PURPOSE: A noteworthy attempt at health care reform was the 1992 Colorado workers' compensation reform bill, which led to the creation of what has been called "biopsychosocial laws." These laws mandated the use of treatment guidelines for patients with injury or chronic pain, which advocated a biopsychosocial model of rehabilitation, and aspired to use a "best practice" approach to controlling costs. The purpose of this study was to examine the financial impact of this health care reform process, and to test the hypothesis that this approach can be an effective strategy to contain costs while providing good care.
RESEARCH METHOD: This study utilized a dataset collected prospectively from 1992 to 2007 in 45 U.S. states for regulatory purposes. These data summarized the medical treatment and disability costs of 520,314 injured workers in Colorado, and an estimated 28.6 million injured workers nationally. As no other state passed a comparable bill, the Colorado worker compensation reform bill created a natural experiment, where a treatment group was created by legally enforceable medical treatment guidelines.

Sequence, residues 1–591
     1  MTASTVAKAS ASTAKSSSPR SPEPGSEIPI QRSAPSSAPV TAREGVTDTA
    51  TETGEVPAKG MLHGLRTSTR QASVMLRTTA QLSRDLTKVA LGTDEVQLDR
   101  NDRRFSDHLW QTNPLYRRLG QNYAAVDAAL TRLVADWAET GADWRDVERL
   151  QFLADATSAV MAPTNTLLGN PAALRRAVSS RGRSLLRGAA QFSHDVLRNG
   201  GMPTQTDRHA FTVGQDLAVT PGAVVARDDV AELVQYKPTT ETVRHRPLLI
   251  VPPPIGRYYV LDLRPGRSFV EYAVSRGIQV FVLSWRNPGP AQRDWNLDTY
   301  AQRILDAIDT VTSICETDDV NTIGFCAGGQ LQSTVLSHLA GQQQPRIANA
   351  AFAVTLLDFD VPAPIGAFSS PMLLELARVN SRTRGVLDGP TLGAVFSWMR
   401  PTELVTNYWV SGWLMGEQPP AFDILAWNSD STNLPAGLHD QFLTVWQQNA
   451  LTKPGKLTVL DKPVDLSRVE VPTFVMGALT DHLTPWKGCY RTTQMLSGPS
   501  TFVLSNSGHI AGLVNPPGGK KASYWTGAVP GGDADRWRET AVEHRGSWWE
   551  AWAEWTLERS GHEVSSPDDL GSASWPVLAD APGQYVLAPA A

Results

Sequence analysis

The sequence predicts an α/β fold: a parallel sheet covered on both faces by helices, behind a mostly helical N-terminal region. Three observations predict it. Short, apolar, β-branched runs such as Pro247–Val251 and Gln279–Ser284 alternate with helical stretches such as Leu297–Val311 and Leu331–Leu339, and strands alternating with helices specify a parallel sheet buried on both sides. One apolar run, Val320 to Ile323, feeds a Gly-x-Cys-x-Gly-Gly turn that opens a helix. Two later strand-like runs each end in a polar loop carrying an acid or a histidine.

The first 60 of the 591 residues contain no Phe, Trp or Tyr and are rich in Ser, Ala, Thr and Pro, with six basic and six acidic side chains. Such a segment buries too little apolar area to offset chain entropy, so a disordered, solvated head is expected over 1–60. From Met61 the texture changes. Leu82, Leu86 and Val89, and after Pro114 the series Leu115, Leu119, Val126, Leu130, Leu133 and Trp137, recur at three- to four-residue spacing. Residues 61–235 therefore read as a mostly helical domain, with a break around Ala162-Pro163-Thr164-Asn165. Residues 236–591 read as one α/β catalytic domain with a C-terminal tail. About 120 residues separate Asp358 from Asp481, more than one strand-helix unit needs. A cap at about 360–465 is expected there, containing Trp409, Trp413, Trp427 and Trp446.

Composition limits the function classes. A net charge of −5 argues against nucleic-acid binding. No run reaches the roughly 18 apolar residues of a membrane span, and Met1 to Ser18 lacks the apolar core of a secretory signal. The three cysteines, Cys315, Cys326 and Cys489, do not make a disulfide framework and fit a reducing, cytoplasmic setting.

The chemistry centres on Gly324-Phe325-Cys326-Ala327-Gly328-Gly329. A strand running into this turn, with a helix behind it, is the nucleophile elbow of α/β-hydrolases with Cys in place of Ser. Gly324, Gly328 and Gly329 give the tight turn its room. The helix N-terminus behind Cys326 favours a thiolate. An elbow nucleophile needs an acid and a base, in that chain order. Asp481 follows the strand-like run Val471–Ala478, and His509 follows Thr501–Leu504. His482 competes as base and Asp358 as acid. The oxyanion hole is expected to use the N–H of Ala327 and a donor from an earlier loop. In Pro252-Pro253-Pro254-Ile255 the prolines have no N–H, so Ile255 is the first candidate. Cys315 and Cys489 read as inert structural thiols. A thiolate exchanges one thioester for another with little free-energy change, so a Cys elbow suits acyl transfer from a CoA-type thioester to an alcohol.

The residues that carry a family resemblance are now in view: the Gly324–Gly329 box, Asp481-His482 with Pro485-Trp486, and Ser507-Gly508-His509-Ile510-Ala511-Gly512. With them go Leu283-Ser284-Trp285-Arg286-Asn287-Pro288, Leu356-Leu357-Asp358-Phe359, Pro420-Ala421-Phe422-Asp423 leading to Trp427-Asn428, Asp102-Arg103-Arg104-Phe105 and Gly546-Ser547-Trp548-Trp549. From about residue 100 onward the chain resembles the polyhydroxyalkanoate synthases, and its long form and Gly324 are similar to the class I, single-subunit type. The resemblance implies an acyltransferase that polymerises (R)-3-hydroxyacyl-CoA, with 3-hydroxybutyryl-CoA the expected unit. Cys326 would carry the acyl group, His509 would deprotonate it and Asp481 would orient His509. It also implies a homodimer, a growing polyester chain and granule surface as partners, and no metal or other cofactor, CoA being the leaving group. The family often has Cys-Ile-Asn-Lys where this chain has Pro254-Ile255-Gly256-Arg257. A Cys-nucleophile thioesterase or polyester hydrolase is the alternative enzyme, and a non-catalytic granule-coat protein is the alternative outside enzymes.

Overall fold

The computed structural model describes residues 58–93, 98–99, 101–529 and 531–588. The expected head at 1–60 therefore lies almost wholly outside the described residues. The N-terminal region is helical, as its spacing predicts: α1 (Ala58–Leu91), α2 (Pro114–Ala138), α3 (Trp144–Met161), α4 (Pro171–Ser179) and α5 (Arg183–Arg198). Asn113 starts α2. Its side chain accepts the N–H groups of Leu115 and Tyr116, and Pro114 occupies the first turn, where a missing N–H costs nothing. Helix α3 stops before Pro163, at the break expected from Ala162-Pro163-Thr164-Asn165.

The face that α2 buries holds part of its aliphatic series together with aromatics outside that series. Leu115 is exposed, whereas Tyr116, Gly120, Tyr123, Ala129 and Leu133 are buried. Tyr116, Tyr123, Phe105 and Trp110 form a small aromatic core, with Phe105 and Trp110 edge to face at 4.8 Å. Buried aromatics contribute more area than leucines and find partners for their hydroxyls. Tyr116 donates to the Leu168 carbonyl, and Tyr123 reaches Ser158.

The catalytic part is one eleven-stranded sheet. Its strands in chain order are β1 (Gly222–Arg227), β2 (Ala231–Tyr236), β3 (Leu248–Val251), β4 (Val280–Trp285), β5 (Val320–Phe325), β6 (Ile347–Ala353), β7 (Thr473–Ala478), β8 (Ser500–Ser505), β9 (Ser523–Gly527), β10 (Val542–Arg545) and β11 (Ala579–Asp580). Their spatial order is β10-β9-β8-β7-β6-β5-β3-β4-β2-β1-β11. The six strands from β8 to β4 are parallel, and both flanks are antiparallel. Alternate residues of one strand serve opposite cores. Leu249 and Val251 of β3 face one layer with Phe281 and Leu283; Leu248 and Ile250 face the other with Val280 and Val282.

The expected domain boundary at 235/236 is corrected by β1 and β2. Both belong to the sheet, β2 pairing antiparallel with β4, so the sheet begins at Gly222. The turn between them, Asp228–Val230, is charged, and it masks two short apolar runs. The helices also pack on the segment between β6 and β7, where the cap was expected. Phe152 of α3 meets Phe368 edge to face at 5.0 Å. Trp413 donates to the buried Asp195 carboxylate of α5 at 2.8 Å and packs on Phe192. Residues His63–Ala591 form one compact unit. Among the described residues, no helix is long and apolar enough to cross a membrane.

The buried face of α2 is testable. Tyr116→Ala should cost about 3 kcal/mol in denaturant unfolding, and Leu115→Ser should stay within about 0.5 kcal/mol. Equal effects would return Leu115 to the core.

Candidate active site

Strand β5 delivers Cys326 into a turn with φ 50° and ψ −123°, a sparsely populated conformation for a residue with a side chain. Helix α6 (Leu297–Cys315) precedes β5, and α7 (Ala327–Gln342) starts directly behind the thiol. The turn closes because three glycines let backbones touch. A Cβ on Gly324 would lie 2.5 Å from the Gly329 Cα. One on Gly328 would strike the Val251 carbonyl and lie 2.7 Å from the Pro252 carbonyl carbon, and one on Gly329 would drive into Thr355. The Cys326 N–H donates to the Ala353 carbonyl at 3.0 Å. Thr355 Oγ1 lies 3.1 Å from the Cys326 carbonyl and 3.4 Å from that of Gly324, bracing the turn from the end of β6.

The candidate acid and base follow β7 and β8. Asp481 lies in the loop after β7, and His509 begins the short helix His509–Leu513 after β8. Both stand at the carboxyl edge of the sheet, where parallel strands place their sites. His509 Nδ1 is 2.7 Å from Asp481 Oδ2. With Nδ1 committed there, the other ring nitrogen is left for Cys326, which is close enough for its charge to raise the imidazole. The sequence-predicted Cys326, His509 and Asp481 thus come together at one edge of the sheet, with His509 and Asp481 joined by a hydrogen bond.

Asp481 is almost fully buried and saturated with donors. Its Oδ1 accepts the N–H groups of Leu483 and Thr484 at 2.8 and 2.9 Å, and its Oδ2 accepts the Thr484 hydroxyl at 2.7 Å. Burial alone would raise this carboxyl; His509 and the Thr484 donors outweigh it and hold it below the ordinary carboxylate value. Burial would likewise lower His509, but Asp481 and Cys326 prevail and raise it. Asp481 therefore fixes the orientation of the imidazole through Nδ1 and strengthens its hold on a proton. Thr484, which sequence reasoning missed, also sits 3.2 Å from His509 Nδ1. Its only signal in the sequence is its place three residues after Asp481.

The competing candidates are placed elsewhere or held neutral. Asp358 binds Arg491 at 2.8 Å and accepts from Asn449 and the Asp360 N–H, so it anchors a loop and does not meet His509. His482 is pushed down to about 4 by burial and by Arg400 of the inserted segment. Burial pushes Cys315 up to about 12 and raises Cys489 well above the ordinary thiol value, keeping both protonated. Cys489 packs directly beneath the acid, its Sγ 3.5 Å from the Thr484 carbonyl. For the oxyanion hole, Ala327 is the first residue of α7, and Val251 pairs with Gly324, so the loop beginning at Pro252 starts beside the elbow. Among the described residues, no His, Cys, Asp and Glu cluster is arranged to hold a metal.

RESULTS: In the 15 years following the implementation of the reform, the inflation of medical costs in Colorado workers' compensation was only one third that of the national average, saving an estimated $859 million on patients injured in 2007 alone.
CONCLUSIONS: Although there were confounding variables, and causality could not be determined, these data are consistent with the hypothesis that Colorado's 1992 legislative efforts to reform workers compensation law using the biopsychosocial model worked as intended to provide good care while controlling costs.
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